• The whale sharks in Donsol, Sorsogon, where WWF facilitates species conservation and eco-tourism program
  • The dugongs in Davao Gulf, where WWF conducts coastal resource management and climate change adaptation programs
  • The green sea turtles in Tawi-Tawi, where WWF implements mariculture management and marine conservation programs

Give this special gift to your mom and help protect Philippine local endangered species at the same time!

Email adopt@wwf.org.ph for orders and inquiries.

* Location can be anywhere in the Philippines. Courier services is provided for free by 2GO Express, WWF-Philippines’ logistics partner for the Adoption Program. 


Sorsogon: A possible birthing site for whale sharks?

We know that whale sharks (Rhincodon typus) congregate in the town of Donsol in Sorsogon province. We also know that they feed here. Over the last four years, new scientific evidence culled from a satellite tagging program and an innovative photo-ID project revealed that although some sharks swim out of the country at season’s end, some of them actually just hang around the archipelago.

In 2009, WWF and the people of Donsol learned something new when they rescued a 15-inch juvenile whale shark in the waters off the nearby Pilar town! The whale shark was eventually released.

In spite of all the research that is being done worldwide on whale sharks, to this date no one knows where they breed or give birth. The Pilar “pup” was so small, it was probably born here and could have been what biologists call a neo-nate.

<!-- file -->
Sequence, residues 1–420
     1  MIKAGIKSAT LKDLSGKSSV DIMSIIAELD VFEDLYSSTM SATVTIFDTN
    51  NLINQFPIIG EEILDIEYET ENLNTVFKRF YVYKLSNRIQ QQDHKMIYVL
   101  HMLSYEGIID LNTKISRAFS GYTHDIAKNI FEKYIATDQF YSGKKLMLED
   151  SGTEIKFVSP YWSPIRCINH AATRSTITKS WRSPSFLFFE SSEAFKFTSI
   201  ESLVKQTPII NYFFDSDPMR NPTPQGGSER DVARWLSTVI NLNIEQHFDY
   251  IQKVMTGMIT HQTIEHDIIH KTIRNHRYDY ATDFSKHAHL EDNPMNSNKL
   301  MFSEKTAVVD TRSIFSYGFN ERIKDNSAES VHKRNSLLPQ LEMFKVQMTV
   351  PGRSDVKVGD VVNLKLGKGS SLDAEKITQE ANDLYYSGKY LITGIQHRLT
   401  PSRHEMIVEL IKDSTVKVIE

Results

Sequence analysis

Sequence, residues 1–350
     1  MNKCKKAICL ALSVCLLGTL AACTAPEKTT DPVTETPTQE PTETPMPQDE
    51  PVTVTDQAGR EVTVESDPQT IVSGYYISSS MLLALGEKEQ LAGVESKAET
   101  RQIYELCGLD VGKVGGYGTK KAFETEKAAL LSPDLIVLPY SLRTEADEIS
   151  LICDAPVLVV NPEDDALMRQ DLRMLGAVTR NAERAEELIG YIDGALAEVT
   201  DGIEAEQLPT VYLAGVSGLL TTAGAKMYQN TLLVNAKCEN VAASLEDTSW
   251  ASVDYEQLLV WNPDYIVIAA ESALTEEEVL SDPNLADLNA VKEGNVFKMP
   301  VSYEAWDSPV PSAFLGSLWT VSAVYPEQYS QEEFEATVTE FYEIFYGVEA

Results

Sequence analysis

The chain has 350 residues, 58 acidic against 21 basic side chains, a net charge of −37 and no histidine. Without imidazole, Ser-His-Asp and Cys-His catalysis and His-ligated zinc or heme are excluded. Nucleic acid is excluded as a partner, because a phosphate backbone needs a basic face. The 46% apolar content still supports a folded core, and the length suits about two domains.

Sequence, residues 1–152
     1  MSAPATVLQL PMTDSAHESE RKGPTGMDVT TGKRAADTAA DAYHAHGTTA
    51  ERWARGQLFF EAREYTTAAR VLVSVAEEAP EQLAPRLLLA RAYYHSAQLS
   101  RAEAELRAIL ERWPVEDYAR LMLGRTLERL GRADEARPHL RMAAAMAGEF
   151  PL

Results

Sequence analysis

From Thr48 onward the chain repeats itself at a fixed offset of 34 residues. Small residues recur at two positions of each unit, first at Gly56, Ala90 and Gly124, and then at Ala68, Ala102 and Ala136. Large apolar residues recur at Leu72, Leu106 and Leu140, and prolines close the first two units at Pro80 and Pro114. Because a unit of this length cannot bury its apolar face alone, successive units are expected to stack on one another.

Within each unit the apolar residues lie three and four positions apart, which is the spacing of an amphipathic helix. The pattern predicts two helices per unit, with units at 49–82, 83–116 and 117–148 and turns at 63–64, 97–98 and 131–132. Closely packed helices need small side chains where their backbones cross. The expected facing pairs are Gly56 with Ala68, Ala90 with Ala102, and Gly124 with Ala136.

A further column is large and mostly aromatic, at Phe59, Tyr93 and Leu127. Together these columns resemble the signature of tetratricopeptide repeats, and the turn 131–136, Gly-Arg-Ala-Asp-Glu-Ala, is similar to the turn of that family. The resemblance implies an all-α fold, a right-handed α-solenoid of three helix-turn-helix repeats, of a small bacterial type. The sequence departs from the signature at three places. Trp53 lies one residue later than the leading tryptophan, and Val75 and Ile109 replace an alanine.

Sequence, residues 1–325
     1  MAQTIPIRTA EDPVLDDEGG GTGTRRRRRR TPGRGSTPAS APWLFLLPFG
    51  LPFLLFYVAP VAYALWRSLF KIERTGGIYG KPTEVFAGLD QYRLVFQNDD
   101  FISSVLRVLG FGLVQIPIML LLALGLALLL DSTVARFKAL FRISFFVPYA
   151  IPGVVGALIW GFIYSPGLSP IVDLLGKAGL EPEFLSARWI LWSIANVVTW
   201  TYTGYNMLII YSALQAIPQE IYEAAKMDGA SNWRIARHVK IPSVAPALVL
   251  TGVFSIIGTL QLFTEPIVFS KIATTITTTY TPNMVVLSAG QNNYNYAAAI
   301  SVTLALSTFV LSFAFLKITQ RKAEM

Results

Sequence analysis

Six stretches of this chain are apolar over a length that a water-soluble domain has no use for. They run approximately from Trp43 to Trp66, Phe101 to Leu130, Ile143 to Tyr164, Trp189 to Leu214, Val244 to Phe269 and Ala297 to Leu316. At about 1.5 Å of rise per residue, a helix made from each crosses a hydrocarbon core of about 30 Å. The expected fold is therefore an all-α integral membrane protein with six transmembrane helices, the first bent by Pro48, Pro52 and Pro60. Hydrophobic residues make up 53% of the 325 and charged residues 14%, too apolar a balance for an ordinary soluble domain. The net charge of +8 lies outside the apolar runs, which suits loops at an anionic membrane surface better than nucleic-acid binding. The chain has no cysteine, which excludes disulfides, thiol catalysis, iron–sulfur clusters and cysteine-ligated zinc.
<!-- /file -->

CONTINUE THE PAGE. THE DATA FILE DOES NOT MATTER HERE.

Not only is this animal the smallest live whale shark on record ever to be captured and released here in the Philippines (and arguably, anywhere in the world), it is also the first indication that the Philippines, at the apex of the Coral Triangle, is probably one of the places on the planet where these giants of the sea are born.

For many years, scientists thought that Donsol was merely one of many “gas stations” along the global network of marine highways where whale sharks cruised. This new discovery is the first ever indication that this coastline may actually be a “birthing site”. This comes as no surprise. After all, all this happened in the Coral Triangle – the nursery of the seas – where life begins, and many things remain possible.

Whale sharks are the largest fish on earth. Thus it was a pleasant surprise for the folk of Sorsogon to find and rescue what is arguably the smallest living whale shark in recorded history.

(By WWF-Philippines Vice Chair and CEO Jose Ma. Lorenzo Tan)


Help protect the planet through your Nokia phone!

Are you a Nokia user? Do your share in saving the Philippine environment when you download the WWF-Philippines Application on the Nokia Ovi Store for FREE! For every download, Nokia will donate PHP 10 to WWF-Philippines’  local conservation and species protection programs.

The WWF-Philippines app comes with a fun yet educational game to entertain mobile phone users while helping them learn more about local endangered species.

Expect local species like the butanding (whale shark), pawikan (sea turtle), dugong (sea cow), Calamian deer, mouse deer, Philippine crocodile, Philippine eagle, tarsier, true giant clam, and warty pig to engage you in an exciting game that will keep you entertained and enlightened at the same time.

Let your Nokia phones be a valuable tool in helping save the environment and protect our local endangered species. The free app is available for download on the following Nokia handsets: Nokia 5230, Nokia 5233, Nokia 5250, Nokia 5530 XpressMusic, Nokia 5800 XpressMusic, Nokia C5-03, Nokia C6, Nokia C6-01, Nokia C7, Nokia E63, Nokia E7, Nokia E71, Nokia E72, Nokia N8, Nokia N97, Nokia N97 mini, Nokia X6, and Nokia X7.

Download the WWF-Philippines app now by going to www.store.ovi.com and searching for WWF Philippines or by visiting this link.

Pandamail is the newsletter of WWF-Philippines - 4F, JBD Plaza Building 65 Mindanao Avenue, Bagong Pag-asa Quezon City 1105, Philippines